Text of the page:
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I'm 69. What's the most I can earn without Social Security reducing my retirement benefits?

At that age, you can earn any amount and collect the full Social Security retirement, spousal, or survivor benefit you are entitled to receive. Social Security's annual earnings limit — the maximum people who claim Social Security early can make from work without triggering a benefit reduction — no longer applies as of the month you attain full retirement age, which is currently 66 and is gradually rising to 67 over the next several years.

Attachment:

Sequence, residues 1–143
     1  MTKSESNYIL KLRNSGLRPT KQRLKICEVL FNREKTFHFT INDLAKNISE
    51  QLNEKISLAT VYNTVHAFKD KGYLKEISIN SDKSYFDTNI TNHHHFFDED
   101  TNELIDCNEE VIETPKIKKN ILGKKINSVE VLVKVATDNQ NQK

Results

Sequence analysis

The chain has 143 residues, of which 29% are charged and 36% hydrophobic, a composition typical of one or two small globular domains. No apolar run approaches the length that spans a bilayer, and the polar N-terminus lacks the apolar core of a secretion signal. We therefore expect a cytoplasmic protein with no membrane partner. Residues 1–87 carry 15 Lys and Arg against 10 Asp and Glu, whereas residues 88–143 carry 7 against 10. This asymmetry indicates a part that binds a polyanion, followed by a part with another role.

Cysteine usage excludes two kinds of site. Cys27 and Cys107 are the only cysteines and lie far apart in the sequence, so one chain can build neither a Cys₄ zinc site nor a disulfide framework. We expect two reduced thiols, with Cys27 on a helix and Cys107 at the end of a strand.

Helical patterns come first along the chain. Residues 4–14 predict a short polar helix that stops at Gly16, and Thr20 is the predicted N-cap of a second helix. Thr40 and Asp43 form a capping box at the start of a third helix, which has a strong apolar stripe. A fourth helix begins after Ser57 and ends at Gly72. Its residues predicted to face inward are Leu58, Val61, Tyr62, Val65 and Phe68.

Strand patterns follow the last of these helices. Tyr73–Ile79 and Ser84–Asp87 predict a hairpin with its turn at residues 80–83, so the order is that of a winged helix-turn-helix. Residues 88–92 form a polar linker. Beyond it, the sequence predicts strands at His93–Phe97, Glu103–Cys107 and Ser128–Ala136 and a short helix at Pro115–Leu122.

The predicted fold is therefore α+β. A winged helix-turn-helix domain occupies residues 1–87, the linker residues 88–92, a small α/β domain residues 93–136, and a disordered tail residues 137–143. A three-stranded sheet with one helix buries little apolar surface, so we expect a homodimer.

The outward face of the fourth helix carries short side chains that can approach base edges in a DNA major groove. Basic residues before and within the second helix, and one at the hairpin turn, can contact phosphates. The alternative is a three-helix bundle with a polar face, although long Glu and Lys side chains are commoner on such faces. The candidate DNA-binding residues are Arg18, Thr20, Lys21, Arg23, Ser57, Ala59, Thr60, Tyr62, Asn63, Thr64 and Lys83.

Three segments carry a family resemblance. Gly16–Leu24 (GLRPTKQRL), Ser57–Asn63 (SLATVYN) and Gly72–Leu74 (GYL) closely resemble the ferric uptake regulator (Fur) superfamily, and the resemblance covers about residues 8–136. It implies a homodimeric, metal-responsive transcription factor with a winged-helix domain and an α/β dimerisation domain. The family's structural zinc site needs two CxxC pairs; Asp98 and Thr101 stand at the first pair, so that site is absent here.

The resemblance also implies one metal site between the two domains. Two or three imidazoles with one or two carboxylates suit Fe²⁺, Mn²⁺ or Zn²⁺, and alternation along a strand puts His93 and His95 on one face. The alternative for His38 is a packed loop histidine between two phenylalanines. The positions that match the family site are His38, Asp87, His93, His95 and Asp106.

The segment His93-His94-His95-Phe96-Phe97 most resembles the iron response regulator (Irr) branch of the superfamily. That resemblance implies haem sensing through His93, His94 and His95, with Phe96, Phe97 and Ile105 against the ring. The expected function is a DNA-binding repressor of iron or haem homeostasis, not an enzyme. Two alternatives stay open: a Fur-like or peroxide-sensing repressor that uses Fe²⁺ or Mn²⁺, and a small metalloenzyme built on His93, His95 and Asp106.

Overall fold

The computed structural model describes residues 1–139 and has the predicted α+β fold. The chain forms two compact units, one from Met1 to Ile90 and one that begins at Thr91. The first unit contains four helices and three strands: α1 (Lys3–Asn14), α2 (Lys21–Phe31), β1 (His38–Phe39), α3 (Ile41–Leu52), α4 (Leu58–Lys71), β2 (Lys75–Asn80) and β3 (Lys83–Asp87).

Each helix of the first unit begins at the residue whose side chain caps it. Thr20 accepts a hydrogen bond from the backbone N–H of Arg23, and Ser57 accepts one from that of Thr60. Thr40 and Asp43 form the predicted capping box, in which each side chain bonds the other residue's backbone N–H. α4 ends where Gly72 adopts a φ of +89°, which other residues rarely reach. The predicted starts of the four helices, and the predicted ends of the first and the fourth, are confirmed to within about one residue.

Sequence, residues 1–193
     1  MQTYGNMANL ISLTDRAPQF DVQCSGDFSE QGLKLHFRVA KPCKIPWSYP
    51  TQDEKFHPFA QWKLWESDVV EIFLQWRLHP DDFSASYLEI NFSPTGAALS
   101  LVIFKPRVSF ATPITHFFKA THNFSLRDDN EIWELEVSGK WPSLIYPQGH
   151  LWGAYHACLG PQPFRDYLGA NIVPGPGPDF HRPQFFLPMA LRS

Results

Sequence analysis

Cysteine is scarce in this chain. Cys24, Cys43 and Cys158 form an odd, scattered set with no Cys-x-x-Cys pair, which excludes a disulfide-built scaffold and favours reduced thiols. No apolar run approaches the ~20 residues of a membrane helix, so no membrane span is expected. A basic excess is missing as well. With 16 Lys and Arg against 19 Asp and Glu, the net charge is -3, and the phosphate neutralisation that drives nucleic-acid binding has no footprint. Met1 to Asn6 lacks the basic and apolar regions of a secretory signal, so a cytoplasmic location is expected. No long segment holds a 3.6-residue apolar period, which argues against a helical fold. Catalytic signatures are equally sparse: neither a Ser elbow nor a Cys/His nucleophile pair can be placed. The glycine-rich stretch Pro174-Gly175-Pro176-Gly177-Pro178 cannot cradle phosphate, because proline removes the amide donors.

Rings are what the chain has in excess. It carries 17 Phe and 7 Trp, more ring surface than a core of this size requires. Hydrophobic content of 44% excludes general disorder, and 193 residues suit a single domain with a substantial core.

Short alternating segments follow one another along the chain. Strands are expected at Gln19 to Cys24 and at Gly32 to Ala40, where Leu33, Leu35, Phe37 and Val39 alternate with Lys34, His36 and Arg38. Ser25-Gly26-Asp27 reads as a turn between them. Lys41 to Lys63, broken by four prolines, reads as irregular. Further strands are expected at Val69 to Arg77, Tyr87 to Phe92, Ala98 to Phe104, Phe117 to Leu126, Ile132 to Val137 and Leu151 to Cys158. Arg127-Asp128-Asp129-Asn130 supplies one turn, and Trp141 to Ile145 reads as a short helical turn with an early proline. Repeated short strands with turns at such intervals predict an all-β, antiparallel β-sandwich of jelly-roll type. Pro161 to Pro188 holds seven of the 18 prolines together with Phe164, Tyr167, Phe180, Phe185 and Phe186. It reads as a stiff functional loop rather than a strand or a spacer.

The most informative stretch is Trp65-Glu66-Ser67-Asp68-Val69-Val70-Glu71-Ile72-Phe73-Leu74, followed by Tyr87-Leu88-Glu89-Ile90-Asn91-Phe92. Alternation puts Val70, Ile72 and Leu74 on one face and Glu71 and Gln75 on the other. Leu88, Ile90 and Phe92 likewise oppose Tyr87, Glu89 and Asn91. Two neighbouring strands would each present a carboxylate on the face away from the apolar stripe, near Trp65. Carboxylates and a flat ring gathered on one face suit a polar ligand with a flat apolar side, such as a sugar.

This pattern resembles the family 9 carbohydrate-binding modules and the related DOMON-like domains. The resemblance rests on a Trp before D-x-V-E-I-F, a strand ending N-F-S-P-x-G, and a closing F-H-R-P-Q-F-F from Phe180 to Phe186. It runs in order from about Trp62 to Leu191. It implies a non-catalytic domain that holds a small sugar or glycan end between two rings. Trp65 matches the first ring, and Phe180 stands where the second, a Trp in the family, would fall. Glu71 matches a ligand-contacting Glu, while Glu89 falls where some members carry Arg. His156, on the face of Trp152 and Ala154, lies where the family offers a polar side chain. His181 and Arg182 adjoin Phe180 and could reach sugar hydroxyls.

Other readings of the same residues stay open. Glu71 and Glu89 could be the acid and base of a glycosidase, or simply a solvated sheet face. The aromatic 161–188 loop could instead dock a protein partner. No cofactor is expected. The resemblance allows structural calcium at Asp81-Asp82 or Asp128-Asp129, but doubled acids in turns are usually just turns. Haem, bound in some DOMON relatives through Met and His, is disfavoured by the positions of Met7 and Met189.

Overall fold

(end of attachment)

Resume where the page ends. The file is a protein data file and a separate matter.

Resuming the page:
The only Social Security benefits affected by working after reaching full retirement age are benefits paid to disabled adult children collecting on a parent’s Social Security record.

Keep in mind

  • If you did have benefits withheld before reaching full retirement age due to work income, you can recoup them afterward. When you hit full retirement age, Social Security bumps up your monthly benefit to make up, over time, for the withholding.

Published October 10, 2018

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